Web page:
[Outlook]The lines that bindKoreans have more or less the same memory of our first impression of Switzerland. When we were elementary school kids, we were fascinated by beautiful pictures of it on calendars.
But our fantasy about the European country was shattered in our middle school days, when we learned about the world’s geography. As Switzerland is a landlocked, mountainous country, we felt that the Swiss must have felt stuck living there.
Meanwhile, an old married couple who had been separated for half a century - with one in South Korea and the other in the North - finally met briefly. Their conversation went like this: “When can we meet again?” “When the South and the North are reunited.” “You have to stay alive until the Koreas unite!” All Koreans are familiar with this kind of scene.
These two stories seem unconnected, but they are in fact deeply related. The tales demonstrate the typically parochial, limited perspective of Koreans.
In both stories, Koreans mistakenly believe that political borderlines cannot be passed. As Koreans have shared the same history within the geographic limits of the Korean Peninsula, we tend to believe that other areas and other people must be similar. Such thinking stems from our unique history, in which we have become accustomed to putting too much emphasis on political borders.
Switzerland has no ocean borders. But the people of Switzerland have no restrictions when they want to go to the North Sea or the Baltic Sea through France or Germany. If they go over the Alps they can reach the Mediterranean. The Swiss do not feel stuck, despite the fact that their country is landlocked, just as residents of North Chungcheong Province, who live under the same geographical conditions, don’t feel stuck living there.
It’s actually we South Koreans who feel stuck because we can’t travel anywhere outside Korea by land. The routes are blocked by a truce line that is not even an official border.
The borders of most countries in the world are not strictly protected around the clock by iron fences and troops, as our truce line is. Conflicts are one international constant, but not many regions have neighboring countries caught in disputes over borders or truce lines.
But on the Korean Peninsula, relations between the two Koreas have been exhaustingly hostile, even though there has been no hot war for 60 years. History textbooks in the future will certainly describe the current situation as bizarre.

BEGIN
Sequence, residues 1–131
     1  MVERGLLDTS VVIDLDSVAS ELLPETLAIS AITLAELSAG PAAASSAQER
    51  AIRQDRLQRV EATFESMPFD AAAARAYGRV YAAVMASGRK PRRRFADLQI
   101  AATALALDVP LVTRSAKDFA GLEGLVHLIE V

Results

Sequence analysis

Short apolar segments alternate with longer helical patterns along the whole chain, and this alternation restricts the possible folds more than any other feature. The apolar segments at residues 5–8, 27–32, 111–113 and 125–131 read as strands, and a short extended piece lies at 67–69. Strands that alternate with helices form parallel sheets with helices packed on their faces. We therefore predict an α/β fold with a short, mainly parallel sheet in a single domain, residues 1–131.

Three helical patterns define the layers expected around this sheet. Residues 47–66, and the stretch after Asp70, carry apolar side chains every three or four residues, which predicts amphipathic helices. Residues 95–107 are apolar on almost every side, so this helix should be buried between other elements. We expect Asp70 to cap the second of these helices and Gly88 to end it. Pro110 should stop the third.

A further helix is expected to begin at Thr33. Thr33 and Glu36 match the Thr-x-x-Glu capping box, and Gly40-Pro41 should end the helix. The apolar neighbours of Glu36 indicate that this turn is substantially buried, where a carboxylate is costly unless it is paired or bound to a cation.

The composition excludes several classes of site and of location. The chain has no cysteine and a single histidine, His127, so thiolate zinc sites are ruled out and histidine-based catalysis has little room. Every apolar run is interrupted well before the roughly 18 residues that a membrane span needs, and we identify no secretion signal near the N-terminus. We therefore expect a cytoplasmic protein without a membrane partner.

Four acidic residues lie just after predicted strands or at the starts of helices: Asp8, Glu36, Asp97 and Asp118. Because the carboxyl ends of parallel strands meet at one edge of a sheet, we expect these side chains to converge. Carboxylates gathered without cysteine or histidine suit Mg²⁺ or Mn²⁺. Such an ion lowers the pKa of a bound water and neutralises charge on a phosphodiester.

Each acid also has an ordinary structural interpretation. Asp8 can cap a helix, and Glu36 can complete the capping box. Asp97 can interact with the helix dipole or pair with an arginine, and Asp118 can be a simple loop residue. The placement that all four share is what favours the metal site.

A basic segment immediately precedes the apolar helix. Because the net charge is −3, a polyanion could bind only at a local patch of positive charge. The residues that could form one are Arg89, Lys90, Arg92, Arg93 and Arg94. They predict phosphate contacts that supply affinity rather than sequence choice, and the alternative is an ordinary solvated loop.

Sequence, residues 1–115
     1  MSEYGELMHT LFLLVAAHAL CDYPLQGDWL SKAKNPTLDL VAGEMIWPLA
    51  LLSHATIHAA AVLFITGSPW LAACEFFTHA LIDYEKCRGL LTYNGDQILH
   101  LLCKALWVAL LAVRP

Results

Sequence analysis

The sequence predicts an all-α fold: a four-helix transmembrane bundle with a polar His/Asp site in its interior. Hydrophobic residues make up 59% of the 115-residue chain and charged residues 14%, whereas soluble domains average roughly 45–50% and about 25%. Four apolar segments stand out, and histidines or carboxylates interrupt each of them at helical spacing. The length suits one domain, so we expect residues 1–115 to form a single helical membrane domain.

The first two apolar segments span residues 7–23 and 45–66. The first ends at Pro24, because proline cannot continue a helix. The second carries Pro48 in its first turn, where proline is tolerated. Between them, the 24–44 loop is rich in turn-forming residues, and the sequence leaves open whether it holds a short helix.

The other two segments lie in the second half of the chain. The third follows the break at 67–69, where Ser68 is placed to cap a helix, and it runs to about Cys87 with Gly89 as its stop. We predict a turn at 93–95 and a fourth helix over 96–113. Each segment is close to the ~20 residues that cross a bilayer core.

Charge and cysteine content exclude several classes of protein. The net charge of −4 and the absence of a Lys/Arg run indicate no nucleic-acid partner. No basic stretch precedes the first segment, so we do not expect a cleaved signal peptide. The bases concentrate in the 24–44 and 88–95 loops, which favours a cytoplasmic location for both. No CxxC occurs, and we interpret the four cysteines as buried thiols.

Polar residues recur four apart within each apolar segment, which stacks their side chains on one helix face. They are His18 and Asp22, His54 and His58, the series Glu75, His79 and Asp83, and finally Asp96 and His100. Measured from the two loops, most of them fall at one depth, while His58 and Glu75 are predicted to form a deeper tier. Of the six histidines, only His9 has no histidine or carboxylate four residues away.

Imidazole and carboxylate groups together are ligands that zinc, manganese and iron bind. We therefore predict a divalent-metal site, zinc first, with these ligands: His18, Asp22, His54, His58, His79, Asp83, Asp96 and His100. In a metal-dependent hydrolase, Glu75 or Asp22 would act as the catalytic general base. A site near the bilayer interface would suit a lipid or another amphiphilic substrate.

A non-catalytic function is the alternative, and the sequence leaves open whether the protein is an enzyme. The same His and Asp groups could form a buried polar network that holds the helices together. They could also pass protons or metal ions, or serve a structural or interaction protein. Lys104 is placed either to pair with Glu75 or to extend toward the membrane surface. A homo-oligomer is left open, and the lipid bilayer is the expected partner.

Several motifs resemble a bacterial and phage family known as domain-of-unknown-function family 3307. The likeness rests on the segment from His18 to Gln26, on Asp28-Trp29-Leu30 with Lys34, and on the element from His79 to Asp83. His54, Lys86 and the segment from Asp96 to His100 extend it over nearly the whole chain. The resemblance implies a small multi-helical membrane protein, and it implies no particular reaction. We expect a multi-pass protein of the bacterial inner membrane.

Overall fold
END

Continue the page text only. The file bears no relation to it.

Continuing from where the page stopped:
When my son was in elementary school, he got some homework about why we need to reunify the country. When he asked me, I told him several different reasons, just as any other parent would.
Koreans had shared the same country and the same history for thousands of years. We are of the same ethnicity and we share a language. If the two Koreas are reunited, tension will be resolved and military spending will be cut.
But while my child wrote down these answers, I wondered whether these points were really good enough reasons to make reunification absolutely necessary.
There are many countries that have multiple ethnic groups. In other cases, one ethnic group is sometimes scattered in multiple countries.
Even if people speak the same language and share the same history, they can be citizens of different countries. Multiple cultures or multiple nationalities often make up federal states. It is very rare that the arbitrary political concept of the state puts restraints on people’s movement, as it does in Korea.
We need to change our point of view and accept that people of the same ethnicity forming two countries is a natural and universal phenomenon. If we agree on this, we can focus more on easing [inter-Korean] hostility and increasing exchanges.
The South and the North can remain separated as two different countries. We can just turn the truce line into a border between friendly countries.
Would that prolong our separation? No, it would actually help us to achieve reunification sooner. If all parties are happy, the two countries can remain as two separate states. If we want reunification, we can reunite the countries later on when the time is ripe.
The first thing to do is to scrap Article 3 of the Constitution that states, “The territory of the Republic of Korea shall consist of the Korean Peninsula and its adjacent islands.”
It is nothing to be ashamed of if the following sentence appears in future history textbook:
“Korea had formed a single nation for thousands of years after its foundation, before it was split into two states with different ideologies and regimes in 1948.”
What we should be ashamed of is another sentence that could follow:
“After that, the South and the North continued their antagonism and hostility for decades, not engaging in exchanges with each other and banning people from traveling to the other country.”
*The writer has authored books on humanities and social issues. Translation by the JoongAng Daily staff.
by Nam Kyung-tae